By Lisa Gardner Jul 17, 2012 11:16AM UTC
The trial of a Thai man accused of selling video CDs of an Australian television news segment about Thailand’s monarchy is set to begin today in Bangkok.
Akachai Hongkangwan, a 36-year-old local fruit vendor, faces a possible 15 years in prison under Thailand’s draconian lese-majeste law and Computer Crimes Act, laws which criminalize scrutiny or criticism of the revered Thai royal family.
Akachai is accused of distributing VCD copies of an Australian Broadcasting Corporation (ABC) news segment produced by the network’s Foreign Correspondent program, at a red-shirt rally in March 2011.
The ABC segment, ‘Long Live the King’, was aired in Australia in April 2010. It featured a number of high-profile lese-majeste cases, including those of Chiranuch Premchaiporn, charged as moderator of comments made on a local news website; the brother of lese-majeste prisoner Darinee ‘Da Torpedo’ Charnchoensilpakul, currently serving an extended jail term, and Chotisak Onsung, who was charged with lese-majeste in 2008 for not standing during the screening of the royal anthem prior to a movie screening.
Most controversially, the ABC segment featured footage of the Thai Crown Prince Vijiralongkorn, heir to the throne, that was frowned upon by the Thai authorities.
In the introduction to the program, ABC presenter Mark Corcoran would pertinently assess the difficulties that media face in covering political issues in-country. He would note:
How do you tell the story of Thailand’s royal family when any criticism of the royals can bring (about) a hefty jail sentence in that country?… With Thailand at the crossroads, we’ve resolved that it’s time for a detailed examination of the laws that gag analysis of the laws, and their pivotal role in Thai politics.
With the ABC’s Bangkok bureau evacuated prior to the screening, featured journalist Eric Campbell explained that ”it’s basically a story that can only be done by people who don’t live and work in Thailand.” For him, “the downside is unfortunately I can never go back”.
Thailand’s Ambassador to Australia would later complain to ABC executives “that an organization of the ABC’s stature has lowered its own standard by airing the said documentary, which is presented in a manner no different from tabloid journalism.”
‘Local’ media in an online world
Made available on the ABC website with international ‘blocks’ in place, it is clear that the segment had been intended only for viewing by Australian audiences. Yet the segment would be quickly uploaded to the internet, where Thai censors hastily sought to ban digital access (the video, while regularly uploaded to YouTube before being removed under copyright restrictions, cannot be viewed in Thailand). Yet it is clear that international ‘blocks’ and local efforts to censor aside, once online such material does tend to proliferate.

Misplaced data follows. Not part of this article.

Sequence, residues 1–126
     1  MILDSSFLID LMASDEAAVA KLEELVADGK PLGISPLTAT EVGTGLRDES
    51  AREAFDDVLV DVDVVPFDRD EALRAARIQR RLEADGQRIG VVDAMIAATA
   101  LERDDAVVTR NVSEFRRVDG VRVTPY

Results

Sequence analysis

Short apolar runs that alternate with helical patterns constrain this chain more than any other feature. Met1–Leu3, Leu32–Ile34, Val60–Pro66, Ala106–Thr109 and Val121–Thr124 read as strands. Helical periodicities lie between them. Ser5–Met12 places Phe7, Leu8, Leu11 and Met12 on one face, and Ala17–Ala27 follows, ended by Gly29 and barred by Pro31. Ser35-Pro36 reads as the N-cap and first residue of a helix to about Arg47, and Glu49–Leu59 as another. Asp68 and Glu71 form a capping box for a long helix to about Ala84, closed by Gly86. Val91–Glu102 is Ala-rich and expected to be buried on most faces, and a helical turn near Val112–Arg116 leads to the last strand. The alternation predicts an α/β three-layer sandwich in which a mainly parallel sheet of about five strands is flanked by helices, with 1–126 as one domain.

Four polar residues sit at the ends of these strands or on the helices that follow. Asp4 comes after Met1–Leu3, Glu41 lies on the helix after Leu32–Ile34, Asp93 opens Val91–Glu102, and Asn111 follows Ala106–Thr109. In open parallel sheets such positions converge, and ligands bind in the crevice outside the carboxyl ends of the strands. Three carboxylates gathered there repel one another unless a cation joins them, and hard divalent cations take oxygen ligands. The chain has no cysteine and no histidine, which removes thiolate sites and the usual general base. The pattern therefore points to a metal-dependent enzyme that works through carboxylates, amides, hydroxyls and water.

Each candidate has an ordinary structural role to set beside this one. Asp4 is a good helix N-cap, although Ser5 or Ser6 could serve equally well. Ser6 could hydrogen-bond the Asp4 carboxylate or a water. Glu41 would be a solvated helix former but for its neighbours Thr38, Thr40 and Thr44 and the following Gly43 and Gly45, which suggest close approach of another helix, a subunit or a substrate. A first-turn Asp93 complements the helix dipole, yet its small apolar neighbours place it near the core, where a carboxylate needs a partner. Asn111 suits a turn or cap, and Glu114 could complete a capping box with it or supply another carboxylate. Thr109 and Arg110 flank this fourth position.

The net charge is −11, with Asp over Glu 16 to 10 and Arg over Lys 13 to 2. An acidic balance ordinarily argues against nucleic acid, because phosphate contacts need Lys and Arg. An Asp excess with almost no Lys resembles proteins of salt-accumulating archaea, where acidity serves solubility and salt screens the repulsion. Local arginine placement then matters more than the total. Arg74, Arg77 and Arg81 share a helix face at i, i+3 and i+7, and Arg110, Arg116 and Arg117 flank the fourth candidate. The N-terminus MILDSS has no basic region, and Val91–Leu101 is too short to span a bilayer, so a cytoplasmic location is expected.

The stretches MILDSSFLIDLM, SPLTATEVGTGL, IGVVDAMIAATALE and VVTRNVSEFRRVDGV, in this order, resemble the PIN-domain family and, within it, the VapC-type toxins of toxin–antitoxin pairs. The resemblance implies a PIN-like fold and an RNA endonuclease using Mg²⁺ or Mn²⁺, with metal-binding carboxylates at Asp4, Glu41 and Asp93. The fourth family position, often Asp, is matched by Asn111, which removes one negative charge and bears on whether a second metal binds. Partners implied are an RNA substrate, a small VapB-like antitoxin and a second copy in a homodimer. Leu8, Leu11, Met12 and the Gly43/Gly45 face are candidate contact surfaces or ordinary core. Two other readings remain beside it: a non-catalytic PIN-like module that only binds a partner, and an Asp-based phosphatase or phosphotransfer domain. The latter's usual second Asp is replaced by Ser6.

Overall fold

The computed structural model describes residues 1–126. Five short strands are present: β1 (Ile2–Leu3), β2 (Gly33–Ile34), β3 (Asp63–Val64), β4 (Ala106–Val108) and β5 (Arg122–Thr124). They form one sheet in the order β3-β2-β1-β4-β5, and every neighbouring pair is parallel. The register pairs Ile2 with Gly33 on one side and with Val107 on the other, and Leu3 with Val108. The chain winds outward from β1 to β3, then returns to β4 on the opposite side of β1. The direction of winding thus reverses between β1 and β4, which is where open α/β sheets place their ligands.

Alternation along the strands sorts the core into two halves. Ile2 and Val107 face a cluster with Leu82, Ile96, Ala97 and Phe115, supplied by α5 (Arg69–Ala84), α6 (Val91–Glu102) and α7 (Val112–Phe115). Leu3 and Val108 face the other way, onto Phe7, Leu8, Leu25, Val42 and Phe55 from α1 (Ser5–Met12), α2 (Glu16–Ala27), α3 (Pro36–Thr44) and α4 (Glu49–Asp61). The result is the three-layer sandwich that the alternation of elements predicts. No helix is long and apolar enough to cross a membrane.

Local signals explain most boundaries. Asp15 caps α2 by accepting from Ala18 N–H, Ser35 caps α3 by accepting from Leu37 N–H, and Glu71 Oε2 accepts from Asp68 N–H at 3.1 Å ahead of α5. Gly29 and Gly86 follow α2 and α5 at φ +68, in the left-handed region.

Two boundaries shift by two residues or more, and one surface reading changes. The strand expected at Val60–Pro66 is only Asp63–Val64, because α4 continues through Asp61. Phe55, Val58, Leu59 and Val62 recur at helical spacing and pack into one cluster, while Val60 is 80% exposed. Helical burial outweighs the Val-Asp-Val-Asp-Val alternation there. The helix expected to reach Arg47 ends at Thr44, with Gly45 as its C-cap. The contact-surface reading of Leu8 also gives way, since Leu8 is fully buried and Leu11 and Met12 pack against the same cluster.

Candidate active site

It is no secret on the streets of Bangkok that material which scrutinizes the Thai royal family are broadly distributed among those ‘in the know’. (This journalist was once accosted by a local motorcycle driver who’d downloaded the ABC segment to his iPhone).
“Being banned makes it (the ABC segment) interesting, and everybody knows it,” says CJ Hinke of internet advocacy group Freedom Against Censorship Thailand. ”And to download it? It’s pretty much instant. I can think of at least half a dozen sites off the top of my head where it’s available for a free download. It’s right out there. To my knowledge, people were sending links around since it was first released.”
Akachai and the ABC
Sources close to Akachai say that, in the weeks following his arrest, he approached ABC staff in Bangkok. The local fruit vendor “thought to advise them of what had happened, and that he was out on bail. In effect, he was told: ‘go away: consider yourself lucky that we don’t sue you for IP violation.’”
In July last year, staff who’d assisted the crew in Bangkok wrote to program producers. Concerned that Akachai’s case would go unnoticed, they asked that the ABC consider making a public statement. “That the producers was (sic) not intended to “insult” or “disdain” the institution (of the monarchy),” they wrote, “but to fairly criticize and present fair views as journalists.” They received no reply.
“It boils down to, well, ‘why are we journalists?’” says Hinke, a Canadian who himself has lived in Thailand for over 20 years. “Why are we reporting on news? We’re journalists because we want to expose that which wouldn’t otherwise be exposed. Why is the ABC producing such shows if they don’t care if people watch it or not, in the places where people are the most concerned?”
Sources close to Akachai say he remains hopeful that the ABC will make a public statement condemning the charges brought against him.
“If they won’t make a statement, at the very least, they should attend the trial,” says a source. “It’s too dangerous for people to speak out in his defense,” says another. “But not for the ABC – they’re already persona non grata.”
In the digital age, questions of distribution are key. Can journalists expect that what they produce for a single, localized audience, remain that way? Are there any such obligations that our information-gathering extends to those prosecuted?
The case will be heard throughout the week, and a verdict expected soon thereafter.
Lisa Gardner is an Australian freelance journalist based in Bangkok. Follow her on Twitter @leesebkk